Let them know that you will support them unconditionally should they pursue sobriety, but state clearly that you will not protect them from the ramifications of their actions at work. If you are concerned that confronting your coworker, even with respect, will be offensive or confrontational, it is best to speak to a supervisor or human resources employee. Regardless of whether you speak to the individual first, alcohol use in the workplace should be reported.

Signs of Alcohol Use in the Workplace

Red flags to look for in determining if an employee is at risk or taking part in alcohol while on the job include lack of coordination, bloodshot eyes, slurred speech, poor work performance, nausea, frequent absences, irritability, and lack of care. These individuals may make poor decisions and display slow reaction time, which can result in injury and insufficient outcomes.

Cost of Alcohol and Drug Use to Employers

Alcoholism in the workplace has a financial impact as well. The approximate cost of drug and alcohol use in the workplace in the United States is $160 billion dollars annually due to accidents, lost productivity, and alcohol-related problems.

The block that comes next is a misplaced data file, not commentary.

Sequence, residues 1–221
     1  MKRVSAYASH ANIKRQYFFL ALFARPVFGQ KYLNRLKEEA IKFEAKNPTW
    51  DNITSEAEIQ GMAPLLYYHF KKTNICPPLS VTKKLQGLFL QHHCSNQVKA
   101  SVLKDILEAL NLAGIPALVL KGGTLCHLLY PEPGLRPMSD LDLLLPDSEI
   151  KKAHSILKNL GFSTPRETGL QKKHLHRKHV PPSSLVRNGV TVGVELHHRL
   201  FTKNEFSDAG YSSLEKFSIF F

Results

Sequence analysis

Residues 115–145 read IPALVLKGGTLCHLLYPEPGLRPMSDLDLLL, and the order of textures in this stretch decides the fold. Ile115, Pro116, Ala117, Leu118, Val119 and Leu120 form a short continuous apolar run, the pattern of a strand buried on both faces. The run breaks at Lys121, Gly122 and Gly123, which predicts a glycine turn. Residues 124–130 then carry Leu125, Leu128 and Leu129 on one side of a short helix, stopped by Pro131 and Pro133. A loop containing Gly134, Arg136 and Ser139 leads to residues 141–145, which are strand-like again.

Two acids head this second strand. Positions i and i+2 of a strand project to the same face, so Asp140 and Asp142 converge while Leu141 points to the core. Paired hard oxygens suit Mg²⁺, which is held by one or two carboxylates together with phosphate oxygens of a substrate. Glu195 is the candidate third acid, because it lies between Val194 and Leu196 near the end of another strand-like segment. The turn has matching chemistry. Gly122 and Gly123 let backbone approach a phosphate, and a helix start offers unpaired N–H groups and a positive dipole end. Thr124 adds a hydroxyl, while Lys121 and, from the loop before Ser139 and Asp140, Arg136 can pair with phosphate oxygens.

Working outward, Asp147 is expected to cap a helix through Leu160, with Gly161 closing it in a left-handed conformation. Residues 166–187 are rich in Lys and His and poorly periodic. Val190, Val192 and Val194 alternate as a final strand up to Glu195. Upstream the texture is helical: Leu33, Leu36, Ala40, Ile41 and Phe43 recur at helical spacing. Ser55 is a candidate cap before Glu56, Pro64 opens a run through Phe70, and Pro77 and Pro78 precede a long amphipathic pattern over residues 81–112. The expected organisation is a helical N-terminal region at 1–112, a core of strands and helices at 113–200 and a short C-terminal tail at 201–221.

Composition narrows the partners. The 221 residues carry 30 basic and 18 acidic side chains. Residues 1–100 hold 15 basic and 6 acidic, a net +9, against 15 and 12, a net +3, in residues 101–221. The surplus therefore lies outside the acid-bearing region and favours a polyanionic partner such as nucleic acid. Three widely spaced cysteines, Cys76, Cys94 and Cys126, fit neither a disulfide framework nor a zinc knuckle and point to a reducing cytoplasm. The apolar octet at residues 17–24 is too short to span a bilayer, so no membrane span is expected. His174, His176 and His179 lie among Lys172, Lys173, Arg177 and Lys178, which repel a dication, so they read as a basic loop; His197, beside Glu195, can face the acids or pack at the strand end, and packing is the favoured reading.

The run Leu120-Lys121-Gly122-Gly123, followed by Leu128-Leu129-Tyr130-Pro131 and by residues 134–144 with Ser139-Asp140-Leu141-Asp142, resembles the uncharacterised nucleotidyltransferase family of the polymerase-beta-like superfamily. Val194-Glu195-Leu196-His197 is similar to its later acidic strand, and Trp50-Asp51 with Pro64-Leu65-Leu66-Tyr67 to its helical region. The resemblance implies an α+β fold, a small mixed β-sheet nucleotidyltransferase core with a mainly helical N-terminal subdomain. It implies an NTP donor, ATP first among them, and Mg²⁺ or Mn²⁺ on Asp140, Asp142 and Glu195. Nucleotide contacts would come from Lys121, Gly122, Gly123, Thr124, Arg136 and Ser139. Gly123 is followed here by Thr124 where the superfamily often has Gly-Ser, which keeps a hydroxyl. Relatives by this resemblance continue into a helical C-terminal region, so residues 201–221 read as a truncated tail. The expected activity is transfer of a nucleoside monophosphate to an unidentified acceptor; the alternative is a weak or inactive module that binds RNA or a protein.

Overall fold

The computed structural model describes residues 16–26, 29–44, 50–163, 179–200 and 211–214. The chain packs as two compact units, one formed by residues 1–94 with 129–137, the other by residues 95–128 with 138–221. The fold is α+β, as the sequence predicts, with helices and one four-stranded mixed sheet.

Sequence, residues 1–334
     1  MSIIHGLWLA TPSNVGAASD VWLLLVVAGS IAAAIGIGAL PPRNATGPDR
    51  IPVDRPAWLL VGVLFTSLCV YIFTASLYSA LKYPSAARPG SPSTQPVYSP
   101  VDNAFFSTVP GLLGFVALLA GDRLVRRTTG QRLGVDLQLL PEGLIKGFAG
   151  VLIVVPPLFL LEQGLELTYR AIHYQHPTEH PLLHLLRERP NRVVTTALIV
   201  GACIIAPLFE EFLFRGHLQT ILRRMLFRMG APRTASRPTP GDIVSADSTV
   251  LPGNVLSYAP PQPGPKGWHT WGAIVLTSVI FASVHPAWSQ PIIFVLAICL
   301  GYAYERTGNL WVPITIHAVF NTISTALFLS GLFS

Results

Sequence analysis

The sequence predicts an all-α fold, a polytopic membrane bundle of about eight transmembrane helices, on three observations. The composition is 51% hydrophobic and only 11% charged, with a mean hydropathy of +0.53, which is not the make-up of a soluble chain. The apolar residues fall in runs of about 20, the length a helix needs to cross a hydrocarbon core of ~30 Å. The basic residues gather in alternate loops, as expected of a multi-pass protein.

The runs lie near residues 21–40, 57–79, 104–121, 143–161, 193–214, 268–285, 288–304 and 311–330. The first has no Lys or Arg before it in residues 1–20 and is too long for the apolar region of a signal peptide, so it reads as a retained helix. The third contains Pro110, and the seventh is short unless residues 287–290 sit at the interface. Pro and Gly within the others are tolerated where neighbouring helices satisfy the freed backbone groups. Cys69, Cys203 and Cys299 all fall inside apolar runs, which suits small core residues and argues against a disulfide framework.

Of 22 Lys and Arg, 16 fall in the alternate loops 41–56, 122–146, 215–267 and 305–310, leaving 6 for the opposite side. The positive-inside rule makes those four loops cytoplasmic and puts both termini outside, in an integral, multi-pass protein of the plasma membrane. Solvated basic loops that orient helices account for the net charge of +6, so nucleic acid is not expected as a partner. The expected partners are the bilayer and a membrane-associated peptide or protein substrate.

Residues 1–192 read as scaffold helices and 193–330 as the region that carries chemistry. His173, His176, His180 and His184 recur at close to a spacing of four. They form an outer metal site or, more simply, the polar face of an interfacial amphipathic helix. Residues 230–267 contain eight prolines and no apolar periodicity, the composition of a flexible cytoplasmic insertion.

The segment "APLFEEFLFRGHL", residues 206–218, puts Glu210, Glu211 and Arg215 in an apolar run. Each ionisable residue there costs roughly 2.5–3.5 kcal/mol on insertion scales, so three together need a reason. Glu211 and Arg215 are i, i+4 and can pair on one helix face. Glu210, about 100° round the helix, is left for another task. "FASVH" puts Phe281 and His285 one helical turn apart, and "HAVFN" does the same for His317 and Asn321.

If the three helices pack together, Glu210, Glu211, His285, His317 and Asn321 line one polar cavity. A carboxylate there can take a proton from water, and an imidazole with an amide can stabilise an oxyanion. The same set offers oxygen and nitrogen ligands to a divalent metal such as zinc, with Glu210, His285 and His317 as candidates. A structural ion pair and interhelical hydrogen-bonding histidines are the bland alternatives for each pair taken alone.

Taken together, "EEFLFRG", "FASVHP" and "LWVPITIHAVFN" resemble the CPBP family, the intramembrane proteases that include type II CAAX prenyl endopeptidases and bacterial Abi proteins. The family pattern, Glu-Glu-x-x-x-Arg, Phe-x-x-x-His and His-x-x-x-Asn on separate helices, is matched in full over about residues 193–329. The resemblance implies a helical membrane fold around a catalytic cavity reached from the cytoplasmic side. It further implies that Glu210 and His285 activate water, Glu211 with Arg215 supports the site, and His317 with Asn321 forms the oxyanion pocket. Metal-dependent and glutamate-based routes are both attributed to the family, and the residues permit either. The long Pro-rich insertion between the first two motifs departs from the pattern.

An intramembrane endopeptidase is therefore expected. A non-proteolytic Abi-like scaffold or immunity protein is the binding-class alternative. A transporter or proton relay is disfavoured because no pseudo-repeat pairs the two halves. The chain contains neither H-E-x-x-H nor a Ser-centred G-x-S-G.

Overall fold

The total cost on individual companies is around $7,000 dollars a year for many of the same reasons. Alcoholics are 33 percent less productive due to their alcohol use. There are programs that can combat alcohol use in the workplace, and individuals diagnosed with AUD may qualify for assistance under the Americans with Disabilities Act (ADA).

The most common exception made for alcoholics under ADA is the ability to miss work for alcohol addiction-related treatment. However, even this necessary intervention will inevitably result in lost time and productivity for the company and added work for coworkers.

Addressing Alcohol in the Workplace

Alcohol use is a decision made by individuals on their own, and not one an employer can govern when outside of the workplace. Such matters are personal. However, once alcohol use interferes with an employee’s ability to adequately perform their duties, and/or causes safety concerns, the employer can step in and take action.

Businesses usually deal with alcohol use in the workplace via their human resources department. Employers should monitor employees suspected of alcohol use at work and intervene through corrective or disciplinary action, or referral to their Employee Assistance Program (EAP) for help.

With as many as 1 in 13 adults meeting the criteria of alcoholic , employers should be protective in implementing procedures in the event a staff member has this issue. Employers should view this as protecting not only their business, but their employees’ best interest as well.

Alcohol Prevention in the Workplace